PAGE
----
Bad strategic objectives – “A scrambled mess of things to accomplish—a dog’s dinner of goals. A long list of things to do, often mislabeled as strategies or objectives, is not a strategy…Good strategy, in contrast, works by focusing energy and resources on one, or a very few, pivotal objectives whose accomplishment will lead to a cascade of favorable outcomes.”

As I researched Pet.com history, I was amazed by the number of “strategies” the leadership claimed. Not all inclusive, CEO Julie Wainright and executives focused on numerous initiatives in an attempt to stand out from the competition. 1) Strive to offer a huge variety of product offerings; it listed more stock keeping units than any other online pet supplier 2) Offer abundant editorial advice from veterinarians, animal lawyers, breeders, scientists, and pet experts 3) Extend its brand offline in the Pets.com print magazine 4) Develop and offer its own proprietary brand of Pets.com pet supplies 5) Acquire a key competitor, Petstore.com 6) Create alliances to allow Pets.com to offer animal health insurance, be the featured petstore on the Yahoo! link to pet health advice, be a part of the Go.com (Disney) network, and establish charitable foundations.

These all seem like good objectives, if focused on one at a time. They also seem like objectives fueled by capital but not sustained by revenues. The management of the company appeared so focused on several objectives that it never developed a solid business model focused on being profitable and generating sustainable returns.

Fluff – “Superficial abstraction…designed to mask the absence of thought.”

According to analyst Jacques Chevron, “Pets.com failed to give its prospective customers a reason for its existence. Its tongue-in-cheek advertising claim ("Because pets don't drive") seemed like an admission of its lack of a reason for being.” Pets.com seemed focused on being the most comprehensive site for pet owners that it failed to be successful in any of its objectives. While it continued to claim it was the one-stop site for all pet needs, it never established a reputation as being good at anything other than advertising.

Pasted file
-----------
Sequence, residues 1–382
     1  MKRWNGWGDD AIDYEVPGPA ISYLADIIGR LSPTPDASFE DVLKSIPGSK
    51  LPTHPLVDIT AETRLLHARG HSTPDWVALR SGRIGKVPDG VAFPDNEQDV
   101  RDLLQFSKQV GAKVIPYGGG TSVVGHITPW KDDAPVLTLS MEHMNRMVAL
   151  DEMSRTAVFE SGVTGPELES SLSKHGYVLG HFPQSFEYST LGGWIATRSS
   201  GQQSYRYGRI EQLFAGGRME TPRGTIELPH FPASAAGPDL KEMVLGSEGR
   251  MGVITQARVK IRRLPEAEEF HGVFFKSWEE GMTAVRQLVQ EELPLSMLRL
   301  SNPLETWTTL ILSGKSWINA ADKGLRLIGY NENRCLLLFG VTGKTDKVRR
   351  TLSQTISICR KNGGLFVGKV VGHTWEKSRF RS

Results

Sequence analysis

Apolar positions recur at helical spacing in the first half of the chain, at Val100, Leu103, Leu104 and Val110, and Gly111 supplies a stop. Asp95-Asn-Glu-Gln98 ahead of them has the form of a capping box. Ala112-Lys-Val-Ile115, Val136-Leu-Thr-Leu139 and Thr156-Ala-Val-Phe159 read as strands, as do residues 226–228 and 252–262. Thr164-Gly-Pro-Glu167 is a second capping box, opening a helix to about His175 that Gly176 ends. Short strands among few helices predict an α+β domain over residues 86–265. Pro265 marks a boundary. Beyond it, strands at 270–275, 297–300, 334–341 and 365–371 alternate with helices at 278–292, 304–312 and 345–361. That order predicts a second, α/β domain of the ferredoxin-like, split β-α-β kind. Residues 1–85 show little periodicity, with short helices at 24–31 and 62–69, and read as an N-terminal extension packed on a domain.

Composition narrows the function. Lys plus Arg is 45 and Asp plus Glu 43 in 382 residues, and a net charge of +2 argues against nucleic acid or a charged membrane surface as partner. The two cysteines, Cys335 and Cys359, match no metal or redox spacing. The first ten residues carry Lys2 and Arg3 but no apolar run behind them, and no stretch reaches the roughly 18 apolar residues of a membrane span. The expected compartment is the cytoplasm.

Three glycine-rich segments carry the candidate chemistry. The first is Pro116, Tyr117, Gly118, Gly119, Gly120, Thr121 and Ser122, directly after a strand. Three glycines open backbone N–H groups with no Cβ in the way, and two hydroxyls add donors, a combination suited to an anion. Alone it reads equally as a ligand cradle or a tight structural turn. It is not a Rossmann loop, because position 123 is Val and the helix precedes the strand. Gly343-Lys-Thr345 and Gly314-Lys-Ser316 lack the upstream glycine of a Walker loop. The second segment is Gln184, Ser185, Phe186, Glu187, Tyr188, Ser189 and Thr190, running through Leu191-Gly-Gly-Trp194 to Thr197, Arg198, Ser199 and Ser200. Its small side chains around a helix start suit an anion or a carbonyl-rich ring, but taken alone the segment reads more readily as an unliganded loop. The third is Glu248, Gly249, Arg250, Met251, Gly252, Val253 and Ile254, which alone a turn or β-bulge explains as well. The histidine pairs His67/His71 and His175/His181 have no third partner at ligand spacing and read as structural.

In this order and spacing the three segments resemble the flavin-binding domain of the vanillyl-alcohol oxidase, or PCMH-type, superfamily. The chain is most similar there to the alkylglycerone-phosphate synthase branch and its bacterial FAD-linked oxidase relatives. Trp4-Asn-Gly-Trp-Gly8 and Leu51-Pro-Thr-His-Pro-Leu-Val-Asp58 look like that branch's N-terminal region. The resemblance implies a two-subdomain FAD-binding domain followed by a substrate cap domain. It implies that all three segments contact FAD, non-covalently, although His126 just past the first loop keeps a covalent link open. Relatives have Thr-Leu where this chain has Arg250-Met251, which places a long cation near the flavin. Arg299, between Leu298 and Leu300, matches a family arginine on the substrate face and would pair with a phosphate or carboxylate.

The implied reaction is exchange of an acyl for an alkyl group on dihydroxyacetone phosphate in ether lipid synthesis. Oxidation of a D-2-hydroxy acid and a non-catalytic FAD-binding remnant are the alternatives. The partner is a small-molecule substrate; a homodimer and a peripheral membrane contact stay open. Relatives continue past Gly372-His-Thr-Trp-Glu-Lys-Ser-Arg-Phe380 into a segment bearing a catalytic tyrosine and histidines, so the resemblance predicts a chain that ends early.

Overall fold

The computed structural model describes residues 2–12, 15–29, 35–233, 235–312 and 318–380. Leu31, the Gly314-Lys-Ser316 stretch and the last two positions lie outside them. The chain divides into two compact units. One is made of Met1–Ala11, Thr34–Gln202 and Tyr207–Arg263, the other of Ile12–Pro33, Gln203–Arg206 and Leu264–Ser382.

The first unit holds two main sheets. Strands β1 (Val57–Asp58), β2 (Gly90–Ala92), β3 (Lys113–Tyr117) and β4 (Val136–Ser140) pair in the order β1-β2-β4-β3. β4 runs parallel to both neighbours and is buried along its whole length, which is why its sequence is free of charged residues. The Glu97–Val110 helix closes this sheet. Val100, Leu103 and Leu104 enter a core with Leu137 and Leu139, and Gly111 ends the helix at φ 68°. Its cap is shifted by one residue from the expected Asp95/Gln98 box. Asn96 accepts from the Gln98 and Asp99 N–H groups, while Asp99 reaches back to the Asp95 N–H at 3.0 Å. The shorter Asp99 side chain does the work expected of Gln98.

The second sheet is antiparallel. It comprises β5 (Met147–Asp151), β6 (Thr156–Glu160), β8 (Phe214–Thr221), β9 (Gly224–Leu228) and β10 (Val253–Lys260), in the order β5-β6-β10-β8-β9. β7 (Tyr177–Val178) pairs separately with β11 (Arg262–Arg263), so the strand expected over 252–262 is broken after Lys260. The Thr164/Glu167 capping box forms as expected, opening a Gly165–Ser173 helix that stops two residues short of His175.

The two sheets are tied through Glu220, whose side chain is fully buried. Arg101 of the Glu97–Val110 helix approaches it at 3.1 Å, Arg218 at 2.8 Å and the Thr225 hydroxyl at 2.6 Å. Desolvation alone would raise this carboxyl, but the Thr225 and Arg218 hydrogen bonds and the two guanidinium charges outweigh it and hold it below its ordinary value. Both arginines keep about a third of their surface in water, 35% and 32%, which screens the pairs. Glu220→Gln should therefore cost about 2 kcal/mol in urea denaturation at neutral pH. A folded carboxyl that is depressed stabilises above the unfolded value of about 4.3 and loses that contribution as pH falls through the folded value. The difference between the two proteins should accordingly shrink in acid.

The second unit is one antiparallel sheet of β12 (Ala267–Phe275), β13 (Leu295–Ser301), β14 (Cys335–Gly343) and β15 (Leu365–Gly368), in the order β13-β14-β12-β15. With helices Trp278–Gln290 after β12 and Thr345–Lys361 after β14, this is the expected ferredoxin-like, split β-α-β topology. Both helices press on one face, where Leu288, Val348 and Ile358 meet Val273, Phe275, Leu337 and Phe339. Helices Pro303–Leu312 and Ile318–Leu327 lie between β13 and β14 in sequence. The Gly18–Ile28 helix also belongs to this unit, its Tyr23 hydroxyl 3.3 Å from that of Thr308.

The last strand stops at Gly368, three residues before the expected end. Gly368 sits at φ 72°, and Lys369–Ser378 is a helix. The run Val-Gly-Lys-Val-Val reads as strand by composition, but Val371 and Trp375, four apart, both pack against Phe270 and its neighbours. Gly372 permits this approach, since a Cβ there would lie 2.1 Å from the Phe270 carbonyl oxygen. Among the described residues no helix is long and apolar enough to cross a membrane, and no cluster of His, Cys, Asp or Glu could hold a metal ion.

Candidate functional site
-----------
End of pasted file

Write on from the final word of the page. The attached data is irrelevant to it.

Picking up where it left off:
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In one year Pets.com raised over $110 million in capital funding and its IPO brought in $82.5 million. According to Nielsen/Net, Pets.com became the most trafficked online pet store, with 1.4 million visitors in July 2000 alone. The company had massive infusions of capital, dwindling competition, and award winning national ads that grabbed the public’s imagination. The question I pose: Did bad strategy sink Pets.com? If so, was it the fact that the company focused on so many objectives (Rumelt’s “dog’s dinner”) rather than establish a profitable business plan and focus on just a few reasonable short-term goals?

Sources:

Chevron, Jacques. “Thoughts about the demise of Pets.com”. Duh.com. December 2000. http://www.jrcanda.com/art_duhcom.html

Cheyfitz, Kirk. Thinking Inside the Box: The 12 Timeless Rules for Managing a Successful Business. Simon & Schuster. 2003

Matulich, Erika and Karen Squires. “What A Dog Fight! TKO: Pets.com”. Journal of Business Case Studies. May 2008.

Rumelt, Richard. “The Perils of Bad Strategy”. McKinsey Quarterly. June 2011.

Wolverton, Try. “Pets.com latest high-profile dot-com disaster” CNET. November 7, 2000. http://news.cnet.com/2100-1017-248230.html

“The greatest defunct Web sites and dotcom disasters”. CNET. June 5, 2008. http://web.archive.org/web/20080607211851/http://crave.cnet.co.uk/0,39029477,49296926-8,00.htm